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New technology connects parents with their infants in the NICU

Doctors can also display X-rays, ultrasounds, and other charts on the screen so parents can stay involved with their child’s medical care.
Though he was in Fargo for a business trip, Andrew Olson used new software and an iPad to stay in touch with Samantha Cramblit and their daughter, Taylor, in the neonatal intensive care unit of U of M Masonic Children’s Hospital.

On any given day, the neonatal intensive care unit (NICU) at University of Minnesota Masonic Children’s Hospital treats as many as 50 babies, all of whom were born preterm or have other serious health issues.

It can take weeks, or even months, for these babies to become healthy enough to go home—which means parents often must return to work or go home to be with their other children, leaving their babies in the hospital.

But thanks to gifts from Cornerstone Parking Group Inc. and the Transportation Club of Minneapolis and St. Paul, parents and family members now can stay connected with their babies by using a new software technology and iPads for two-way communication 24 hours a day.

For the past eight years, Jason Albrecht, manager of patient/family interactive services at the hospital, has been working with parents, bedside care staff and technology professionals to develop ways to keep parents and their infants connected. Until recently, firewall systems allowed a video connection between parents and their babies only while they were both on campus or at another Fairview hospital or clinic.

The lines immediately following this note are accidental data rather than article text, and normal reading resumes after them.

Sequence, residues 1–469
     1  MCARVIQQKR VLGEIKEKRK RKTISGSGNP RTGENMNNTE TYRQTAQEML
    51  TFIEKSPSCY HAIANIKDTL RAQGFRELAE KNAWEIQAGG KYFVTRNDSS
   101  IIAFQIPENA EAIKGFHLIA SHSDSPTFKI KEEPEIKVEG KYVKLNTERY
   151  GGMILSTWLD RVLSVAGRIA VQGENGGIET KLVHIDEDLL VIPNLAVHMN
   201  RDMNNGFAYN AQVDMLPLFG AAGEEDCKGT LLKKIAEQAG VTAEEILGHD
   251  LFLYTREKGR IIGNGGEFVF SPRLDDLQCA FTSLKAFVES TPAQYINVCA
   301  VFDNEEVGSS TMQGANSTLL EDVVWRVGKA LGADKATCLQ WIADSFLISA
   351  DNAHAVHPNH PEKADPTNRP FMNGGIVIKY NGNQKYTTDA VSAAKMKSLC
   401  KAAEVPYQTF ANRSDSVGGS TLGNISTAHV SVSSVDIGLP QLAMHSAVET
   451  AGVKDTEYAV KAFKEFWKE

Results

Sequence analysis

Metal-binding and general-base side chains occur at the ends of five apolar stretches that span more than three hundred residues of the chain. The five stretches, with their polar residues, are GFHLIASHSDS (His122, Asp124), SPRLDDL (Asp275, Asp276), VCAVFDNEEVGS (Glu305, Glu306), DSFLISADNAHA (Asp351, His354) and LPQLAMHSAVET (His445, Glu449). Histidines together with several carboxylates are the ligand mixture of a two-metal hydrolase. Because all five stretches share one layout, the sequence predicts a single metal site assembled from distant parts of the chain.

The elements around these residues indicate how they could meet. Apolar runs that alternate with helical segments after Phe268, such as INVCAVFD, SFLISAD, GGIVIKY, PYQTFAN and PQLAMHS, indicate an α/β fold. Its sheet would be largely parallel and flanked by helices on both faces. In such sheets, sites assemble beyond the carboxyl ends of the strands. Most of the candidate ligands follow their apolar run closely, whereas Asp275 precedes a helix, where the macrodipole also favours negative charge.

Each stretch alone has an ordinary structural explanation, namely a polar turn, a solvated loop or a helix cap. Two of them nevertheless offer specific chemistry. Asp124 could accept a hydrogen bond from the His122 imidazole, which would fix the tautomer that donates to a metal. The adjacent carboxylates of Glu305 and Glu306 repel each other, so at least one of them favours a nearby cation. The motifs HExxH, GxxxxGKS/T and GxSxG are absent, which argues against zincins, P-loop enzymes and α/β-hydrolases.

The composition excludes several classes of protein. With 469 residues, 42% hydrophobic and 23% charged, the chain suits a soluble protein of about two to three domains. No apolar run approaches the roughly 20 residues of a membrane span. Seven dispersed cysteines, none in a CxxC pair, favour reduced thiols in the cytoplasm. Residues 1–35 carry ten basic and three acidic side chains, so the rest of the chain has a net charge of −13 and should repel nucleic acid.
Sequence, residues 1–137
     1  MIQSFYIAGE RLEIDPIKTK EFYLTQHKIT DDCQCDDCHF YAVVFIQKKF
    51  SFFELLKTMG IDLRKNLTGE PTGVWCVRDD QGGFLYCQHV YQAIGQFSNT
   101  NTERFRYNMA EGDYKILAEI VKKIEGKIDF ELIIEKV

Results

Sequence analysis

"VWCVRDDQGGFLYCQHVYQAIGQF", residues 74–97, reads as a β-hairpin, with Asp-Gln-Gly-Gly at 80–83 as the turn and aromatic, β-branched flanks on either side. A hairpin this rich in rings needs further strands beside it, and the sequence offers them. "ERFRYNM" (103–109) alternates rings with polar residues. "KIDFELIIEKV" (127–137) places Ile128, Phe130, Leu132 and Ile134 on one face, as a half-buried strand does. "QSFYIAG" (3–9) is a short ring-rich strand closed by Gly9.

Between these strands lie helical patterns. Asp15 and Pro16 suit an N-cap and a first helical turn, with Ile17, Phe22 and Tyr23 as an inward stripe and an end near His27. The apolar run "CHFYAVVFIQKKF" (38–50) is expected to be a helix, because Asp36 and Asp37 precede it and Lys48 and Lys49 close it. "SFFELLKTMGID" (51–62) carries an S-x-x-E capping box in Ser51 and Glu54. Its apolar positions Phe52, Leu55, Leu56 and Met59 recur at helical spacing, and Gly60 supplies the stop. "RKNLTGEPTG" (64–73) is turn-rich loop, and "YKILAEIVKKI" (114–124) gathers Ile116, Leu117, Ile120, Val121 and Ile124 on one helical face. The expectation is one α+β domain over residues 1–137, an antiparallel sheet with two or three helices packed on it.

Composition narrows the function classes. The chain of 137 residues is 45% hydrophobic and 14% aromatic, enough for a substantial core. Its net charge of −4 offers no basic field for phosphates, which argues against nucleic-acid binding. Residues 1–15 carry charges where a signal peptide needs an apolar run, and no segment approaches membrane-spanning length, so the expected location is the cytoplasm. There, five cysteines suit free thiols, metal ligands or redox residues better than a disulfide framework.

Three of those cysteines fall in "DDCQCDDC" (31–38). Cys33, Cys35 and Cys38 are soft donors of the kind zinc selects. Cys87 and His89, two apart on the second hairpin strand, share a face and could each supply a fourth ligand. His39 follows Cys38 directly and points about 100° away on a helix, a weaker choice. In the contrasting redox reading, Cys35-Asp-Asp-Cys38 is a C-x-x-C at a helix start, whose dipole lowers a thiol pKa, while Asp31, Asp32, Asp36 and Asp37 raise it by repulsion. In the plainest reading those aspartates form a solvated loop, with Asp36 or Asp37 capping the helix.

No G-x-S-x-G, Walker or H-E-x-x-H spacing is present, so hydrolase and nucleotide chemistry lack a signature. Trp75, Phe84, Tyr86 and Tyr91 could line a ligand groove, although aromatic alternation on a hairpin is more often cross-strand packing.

The new software system allows parents and their babies to stay connected from any location, at any time of day. In addition, doctors can display X-rays, ultrasounds, and other charts on the screen so parents can stay involved with their child’s medical care.

Parents download the software onto any device, such as an iPad or laptop, while the iPad hovers over the baby in the NICU and serves as the camera.

“Families who have used it say they can’t imagine not having it,” Albrecht said.

Learn more about our neonatal intensive care unit (NICU) services.

Ashleigh Moelter, a NICU family support specialist who’s had four children of her own in the NICU, works with families to discover how they would benefit from this technology. “Knowing that you will be able to log in, check on your baby, and say goodnight before you go to bed is very comforting,” Moelter said.

“Families feel involved in their child’s care and know what’s going on with their baby at all times,” Albrecht said.

Philanthropy was essential for launching this meaningful program for NICU families, Albrecht said. “We could not have started the project without the funding from donors,” he says. “Without them, we would still just be thinking about the project.”